A new SARS-CoV-2 variant namely Omicron has been causing surges in different parts of the world even before the World Health Organization has declared it a divergent virus of concern. With it, scientists and medical health practitioners raised questions about the effectiveness of rapid tests. As a result, this concern puts a massive burden on healthcare systems.
Amid the testing efficacy concerns, pre-departure COVID tests are continually implemented primarily in the travel and tour industry. As for everyday citizens, this raised inquiries about the effectiveness of home PCR tests in detecting the new strain.
COVID rapid antigen tests use lateral flow technology to determine if the presence of the virus was prominent. However, its effectiveness became the centre of discussion among scientists and health experts during the surge of the Omicron Variant.
They observed that upon testing, specifically of the Omicron variant, several lateral flow devices seemed to result in lag detection. These cases turn out positive in PCR tests. This caught the attention of different health security agencies, prompting immediate monitoring of these devices’ performance.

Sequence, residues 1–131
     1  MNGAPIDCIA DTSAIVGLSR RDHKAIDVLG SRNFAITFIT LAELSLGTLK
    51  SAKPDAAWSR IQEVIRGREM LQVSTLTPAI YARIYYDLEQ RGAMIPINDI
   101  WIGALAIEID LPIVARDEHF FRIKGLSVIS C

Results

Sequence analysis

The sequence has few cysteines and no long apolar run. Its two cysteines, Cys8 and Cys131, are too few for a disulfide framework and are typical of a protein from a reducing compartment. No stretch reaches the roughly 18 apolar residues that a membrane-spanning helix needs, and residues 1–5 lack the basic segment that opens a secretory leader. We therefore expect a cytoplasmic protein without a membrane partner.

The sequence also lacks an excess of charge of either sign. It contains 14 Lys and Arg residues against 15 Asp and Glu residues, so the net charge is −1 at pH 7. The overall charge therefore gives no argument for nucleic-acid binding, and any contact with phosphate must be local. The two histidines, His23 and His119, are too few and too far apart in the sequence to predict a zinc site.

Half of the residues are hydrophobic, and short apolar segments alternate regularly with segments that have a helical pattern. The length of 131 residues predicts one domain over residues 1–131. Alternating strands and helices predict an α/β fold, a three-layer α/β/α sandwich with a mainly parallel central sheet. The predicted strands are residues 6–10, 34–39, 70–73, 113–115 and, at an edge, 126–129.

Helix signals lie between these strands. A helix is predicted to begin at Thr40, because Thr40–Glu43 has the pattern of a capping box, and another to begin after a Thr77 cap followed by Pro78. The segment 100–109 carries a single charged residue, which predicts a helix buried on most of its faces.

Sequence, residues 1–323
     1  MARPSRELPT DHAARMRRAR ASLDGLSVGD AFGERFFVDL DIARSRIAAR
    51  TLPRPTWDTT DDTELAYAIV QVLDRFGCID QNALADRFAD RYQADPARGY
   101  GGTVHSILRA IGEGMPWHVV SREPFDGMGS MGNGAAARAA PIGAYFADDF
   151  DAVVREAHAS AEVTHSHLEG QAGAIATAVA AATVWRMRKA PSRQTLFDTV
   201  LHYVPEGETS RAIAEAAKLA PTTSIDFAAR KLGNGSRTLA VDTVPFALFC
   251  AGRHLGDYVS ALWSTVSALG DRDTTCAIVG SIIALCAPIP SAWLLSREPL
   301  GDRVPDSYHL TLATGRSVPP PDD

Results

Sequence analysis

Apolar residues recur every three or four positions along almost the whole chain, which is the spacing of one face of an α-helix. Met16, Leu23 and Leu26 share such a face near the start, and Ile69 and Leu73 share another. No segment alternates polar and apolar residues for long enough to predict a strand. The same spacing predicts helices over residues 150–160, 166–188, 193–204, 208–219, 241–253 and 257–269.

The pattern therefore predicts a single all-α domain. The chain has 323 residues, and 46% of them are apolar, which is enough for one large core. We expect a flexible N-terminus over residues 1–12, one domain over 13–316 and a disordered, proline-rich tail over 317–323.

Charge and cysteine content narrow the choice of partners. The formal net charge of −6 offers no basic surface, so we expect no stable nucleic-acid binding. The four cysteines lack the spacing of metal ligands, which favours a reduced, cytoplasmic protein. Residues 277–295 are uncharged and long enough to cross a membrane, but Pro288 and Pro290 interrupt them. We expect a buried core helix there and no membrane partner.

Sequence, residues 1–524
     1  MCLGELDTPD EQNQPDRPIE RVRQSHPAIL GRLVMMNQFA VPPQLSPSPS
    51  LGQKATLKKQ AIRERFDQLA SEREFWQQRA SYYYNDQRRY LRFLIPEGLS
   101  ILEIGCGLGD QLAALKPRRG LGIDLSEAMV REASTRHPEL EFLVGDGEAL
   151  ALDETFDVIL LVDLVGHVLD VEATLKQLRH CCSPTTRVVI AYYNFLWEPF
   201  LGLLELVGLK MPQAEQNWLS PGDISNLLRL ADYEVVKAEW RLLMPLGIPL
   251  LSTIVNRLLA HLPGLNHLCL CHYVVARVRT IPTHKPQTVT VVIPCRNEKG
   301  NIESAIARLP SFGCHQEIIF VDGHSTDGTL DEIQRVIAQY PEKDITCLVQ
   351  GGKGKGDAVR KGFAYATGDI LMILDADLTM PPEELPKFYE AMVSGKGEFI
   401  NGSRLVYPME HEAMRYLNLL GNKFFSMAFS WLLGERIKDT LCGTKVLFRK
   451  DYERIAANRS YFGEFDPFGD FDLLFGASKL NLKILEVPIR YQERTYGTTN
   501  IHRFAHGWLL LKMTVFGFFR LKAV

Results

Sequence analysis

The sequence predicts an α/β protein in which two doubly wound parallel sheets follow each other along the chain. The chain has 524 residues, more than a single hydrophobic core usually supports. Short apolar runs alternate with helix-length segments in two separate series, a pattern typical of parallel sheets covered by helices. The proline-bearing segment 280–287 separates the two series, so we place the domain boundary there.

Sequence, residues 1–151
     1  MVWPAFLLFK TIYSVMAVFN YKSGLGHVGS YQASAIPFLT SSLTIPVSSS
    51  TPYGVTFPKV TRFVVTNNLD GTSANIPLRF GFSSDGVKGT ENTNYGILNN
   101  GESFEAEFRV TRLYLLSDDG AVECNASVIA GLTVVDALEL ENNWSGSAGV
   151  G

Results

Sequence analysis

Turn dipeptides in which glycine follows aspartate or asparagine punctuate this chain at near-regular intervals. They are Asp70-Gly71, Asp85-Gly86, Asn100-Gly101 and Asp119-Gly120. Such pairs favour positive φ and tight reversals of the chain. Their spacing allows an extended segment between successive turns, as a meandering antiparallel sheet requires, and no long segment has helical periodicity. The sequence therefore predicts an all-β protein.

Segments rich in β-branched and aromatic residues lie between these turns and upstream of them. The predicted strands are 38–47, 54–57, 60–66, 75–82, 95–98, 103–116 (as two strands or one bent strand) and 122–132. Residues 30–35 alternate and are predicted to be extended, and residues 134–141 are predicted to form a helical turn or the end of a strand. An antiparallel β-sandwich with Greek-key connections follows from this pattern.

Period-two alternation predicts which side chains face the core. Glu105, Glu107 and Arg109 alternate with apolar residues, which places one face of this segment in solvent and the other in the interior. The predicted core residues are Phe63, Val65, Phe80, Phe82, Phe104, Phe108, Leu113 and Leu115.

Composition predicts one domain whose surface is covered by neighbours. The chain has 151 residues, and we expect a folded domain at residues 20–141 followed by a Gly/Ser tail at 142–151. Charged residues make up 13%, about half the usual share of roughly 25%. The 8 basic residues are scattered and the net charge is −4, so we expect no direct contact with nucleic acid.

Here are ways to ensure that rapid tests produce accurate results upon use:
- Go for a rapid antigen test when symptomatic. The best time to get tested is on day two of experiencing symptoms.
- Should you be symptomatic but the test outcome marked negative, wait another day or two to see if the viral load in your body have doubled. If it folded, the result could give you a positive yield.
- If the person is still highly symptomatic despite taking two rapid antigen tests that resulted in a negative result, they are recommended to go for a PCR test.
Check out this infographic by Harley Medic International for more information about rapid antigen test effectivity.